In part 3, "The Legacy," Denton narrates the two-decade period from the massacre through the conviction and execution of John D. Lee. Borrowing again from Fielding and Bagley, she analyzes the massacre. Then returning to surer ground, Denton describes the events of 1858, including the work of Thomas L. Kane as mediator of the Washington-Mormon disputes, the appointment of peace commissioners, and the presidential pardon and resolution of the Utah War. By 1859, the influx of government officials and soldiers temporarily energized the massacre investigation. Denton describes the work of Judge John Cradlebaugh, Utah Indian Superintendent Jacob Forney, U.S. Army Captains James Lynch and Reuben P. Campbell, Army surgeon Dr. Charles Brewer, and U.S. Marshal William Rogers, who in the course of their duties acquired information concerning the massacre and left reports or correspondence later collected in important government documents. During most of the 1860s the overriding governmental preoccupation was, of course, the Civil War and its aftermath. Meanwhile, in 1861 Mark Twain described the massacre in Roughing It. In the mid-1860s, disaffected Mormon Charles Wandell, using the pseudonym Argus, published an exposé of the massacre in the Utah Reporter and loudly queried why the perpetrators had not been prosecuted. As the 1860s gave way to the 1870s, wealthy Mormon William Godbe formed the Godbeite group. After his excommunication from the Church of Jesus Christ, Godbe started the Mormon Tribune, which later became the Salt Lake Daily Tribune. Eventually sold to gentile interests in Salt Lake City, the Daily Tribune became the mouthpiece for the most vocal and strident of the anti-Mormons in Utah.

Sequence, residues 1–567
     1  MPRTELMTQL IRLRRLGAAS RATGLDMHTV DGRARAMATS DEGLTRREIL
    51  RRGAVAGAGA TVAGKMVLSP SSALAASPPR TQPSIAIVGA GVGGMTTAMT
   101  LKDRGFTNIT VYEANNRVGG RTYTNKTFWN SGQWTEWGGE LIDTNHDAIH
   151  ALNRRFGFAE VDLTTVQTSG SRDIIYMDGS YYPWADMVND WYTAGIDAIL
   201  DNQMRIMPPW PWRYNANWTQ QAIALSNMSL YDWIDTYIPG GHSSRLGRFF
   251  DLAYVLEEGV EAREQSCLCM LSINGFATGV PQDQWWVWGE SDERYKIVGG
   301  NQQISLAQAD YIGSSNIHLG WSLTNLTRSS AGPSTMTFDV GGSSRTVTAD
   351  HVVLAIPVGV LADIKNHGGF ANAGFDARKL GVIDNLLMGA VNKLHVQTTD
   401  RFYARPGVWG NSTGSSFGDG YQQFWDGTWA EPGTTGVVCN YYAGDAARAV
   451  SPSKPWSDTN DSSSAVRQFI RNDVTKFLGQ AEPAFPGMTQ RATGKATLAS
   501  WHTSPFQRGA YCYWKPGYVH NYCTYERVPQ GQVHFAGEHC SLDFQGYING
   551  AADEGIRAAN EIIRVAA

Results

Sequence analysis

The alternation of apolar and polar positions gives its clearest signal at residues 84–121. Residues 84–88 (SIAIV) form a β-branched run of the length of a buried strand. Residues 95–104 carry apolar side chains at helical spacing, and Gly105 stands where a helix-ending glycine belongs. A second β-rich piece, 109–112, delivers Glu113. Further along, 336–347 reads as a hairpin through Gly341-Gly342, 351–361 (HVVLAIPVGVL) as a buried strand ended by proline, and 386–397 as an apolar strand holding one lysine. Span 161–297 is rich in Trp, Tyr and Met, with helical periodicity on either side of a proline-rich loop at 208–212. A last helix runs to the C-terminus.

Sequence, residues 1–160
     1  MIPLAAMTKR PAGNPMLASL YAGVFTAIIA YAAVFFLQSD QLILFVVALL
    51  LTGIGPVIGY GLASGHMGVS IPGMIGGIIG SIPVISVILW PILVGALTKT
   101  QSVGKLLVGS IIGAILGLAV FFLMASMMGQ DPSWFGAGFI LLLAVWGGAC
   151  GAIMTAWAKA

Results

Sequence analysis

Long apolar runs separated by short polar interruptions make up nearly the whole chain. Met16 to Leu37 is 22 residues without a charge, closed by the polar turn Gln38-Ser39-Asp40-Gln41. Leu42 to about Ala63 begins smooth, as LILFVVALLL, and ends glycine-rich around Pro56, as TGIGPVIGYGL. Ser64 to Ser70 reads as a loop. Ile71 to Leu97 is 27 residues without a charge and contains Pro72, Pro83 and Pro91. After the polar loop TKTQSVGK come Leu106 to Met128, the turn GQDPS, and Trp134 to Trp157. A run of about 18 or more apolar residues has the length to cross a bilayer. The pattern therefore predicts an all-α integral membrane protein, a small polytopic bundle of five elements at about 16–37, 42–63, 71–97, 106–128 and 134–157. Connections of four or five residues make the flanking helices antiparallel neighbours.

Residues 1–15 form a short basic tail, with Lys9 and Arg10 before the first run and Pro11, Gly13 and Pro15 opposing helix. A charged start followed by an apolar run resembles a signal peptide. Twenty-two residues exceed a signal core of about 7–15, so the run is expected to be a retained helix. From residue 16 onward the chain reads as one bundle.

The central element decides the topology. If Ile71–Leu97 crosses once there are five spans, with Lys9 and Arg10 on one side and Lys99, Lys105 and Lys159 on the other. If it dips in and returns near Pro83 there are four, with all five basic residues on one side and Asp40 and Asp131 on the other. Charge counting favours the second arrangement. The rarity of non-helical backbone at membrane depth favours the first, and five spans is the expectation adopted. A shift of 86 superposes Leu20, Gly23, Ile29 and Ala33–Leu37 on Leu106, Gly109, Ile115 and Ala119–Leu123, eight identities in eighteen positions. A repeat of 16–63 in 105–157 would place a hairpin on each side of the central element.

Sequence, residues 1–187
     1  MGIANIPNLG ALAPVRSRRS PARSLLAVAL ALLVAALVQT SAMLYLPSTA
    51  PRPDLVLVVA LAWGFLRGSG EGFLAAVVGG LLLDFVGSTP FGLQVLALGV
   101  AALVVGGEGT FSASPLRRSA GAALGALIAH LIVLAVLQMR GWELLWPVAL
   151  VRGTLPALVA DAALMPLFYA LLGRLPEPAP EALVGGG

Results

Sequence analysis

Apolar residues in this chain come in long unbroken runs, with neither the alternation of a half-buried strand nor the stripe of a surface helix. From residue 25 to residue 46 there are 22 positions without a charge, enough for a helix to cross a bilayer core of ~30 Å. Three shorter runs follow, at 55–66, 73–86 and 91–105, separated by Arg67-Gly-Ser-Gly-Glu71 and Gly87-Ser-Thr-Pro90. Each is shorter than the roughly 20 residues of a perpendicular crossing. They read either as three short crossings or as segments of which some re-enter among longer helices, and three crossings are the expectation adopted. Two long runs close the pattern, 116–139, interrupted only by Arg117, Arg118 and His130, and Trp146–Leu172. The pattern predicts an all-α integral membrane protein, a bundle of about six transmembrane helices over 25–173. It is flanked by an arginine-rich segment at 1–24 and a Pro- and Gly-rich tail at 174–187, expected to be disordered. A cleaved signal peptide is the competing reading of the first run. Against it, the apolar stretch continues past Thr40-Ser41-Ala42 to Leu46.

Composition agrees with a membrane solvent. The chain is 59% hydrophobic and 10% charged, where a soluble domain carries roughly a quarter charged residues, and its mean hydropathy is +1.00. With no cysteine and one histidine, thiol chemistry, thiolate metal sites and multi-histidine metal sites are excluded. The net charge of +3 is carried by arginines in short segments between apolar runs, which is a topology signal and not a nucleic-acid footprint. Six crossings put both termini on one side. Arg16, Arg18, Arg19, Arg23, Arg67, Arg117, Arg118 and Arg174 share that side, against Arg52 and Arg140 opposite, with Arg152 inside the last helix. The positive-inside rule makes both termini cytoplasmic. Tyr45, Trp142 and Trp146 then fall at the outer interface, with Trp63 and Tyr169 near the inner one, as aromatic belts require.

Meanwhile, in 1870 Brigham Young excommunicated John D. Lee, who moved with his remaining families to Lonely Dell at the confluence of the Paria and Colorado rivers in northern Arizona. Hoping to escape notice, Lee plied his ferry trade on the Colorado. But in 1871 Philip Klingensmith, the former Mormon bishop in Cedar City and a massacre participant, provided an affidavit to court officials in Pioche, Nevada, that was leaked to the press and widely circulated in 1872. This and other events rekindled interest in prosecuting massacre perpetrators. Passage of the Poland Act in 1874 strengthened the jurisdiction of federal courts in Utah. Sitting in the second district court in Beaver, Judge Jacob Boreman's grand jury issued an indictment for murder against nine alleged perpetrators. The leading defendants were William H. Dame, Isaac C. Haight, John M. Higbee, Philip Klingensmith, John D. Lee, and William Stewart.